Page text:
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Changing Unwanted Behavior

Why would you do that? What were you thinking? What did I just tell you? Are you trying to upset me? How many times do I have to tell you? What’s going on in your head? Would it ever occur to you to help me? Is that what you’re wearing? How can you be so irresponsible? What’s the matter with you?

Try asking yourself these questions. Do you feel like answering or defending yourself? Historically, questions like these have been considered a good way to grab another person’s attention, at any age, and get them to stop doing whatever we find objectionable. It’s hard not to burst out with feeling when we see upsetting behavior. However, you may remember from your childhood that queries like these, no matter how forcefully expressed, don’t change our hearts or our desire to continue what we’re doing. They are referred to in psychology as a harsh start-up.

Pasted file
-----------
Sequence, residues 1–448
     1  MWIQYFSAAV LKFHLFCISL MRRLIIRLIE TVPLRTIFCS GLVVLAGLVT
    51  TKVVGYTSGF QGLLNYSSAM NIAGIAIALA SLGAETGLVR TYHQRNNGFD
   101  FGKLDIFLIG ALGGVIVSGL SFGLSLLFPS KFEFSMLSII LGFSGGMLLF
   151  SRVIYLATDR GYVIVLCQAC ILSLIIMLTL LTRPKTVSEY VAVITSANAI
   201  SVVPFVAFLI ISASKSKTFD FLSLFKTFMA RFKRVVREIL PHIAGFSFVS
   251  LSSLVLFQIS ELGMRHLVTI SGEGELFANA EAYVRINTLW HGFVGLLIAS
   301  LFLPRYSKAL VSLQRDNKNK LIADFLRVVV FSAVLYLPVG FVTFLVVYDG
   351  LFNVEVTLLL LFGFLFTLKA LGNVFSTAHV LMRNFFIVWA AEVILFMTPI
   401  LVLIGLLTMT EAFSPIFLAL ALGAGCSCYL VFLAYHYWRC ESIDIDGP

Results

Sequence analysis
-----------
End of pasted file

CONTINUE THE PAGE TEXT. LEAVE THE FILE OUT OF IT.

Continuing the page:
Luckily, we have psychologists who have shown us a more productive way to inspire children to listen and change course. Child psychologist Dr. Haim Ginott, author of Between Parent and Child, urges people ease into tricky interactions with a statement of understanding. (“I see you’re having fun, but we need to leave in five minutes.”)

In How to Talk So Children Will Listen and Listen So Children Will Talk, Ginott’s students Adele Faber and Elaine Mazlish offer effective techniques to connect meaningfully with children and change unwanted behavior. They suggest saying what we see. (“I see clothes on the floor” rather than “Why haven’t you cleaned up your room all week?”)

In Transforming the Difficult Child, psychotherapist Howard Glasser suggests giving intensity to the positive rather than misbehavior and setting limits by simply saying “Reset!” in a way that doesn’t provoke defensiveness.

The common theme in all these resources is helping us remember that the key to good communication is going around a person’s defenses, preserving their self-respect, and finding a way to maintain loving connection.


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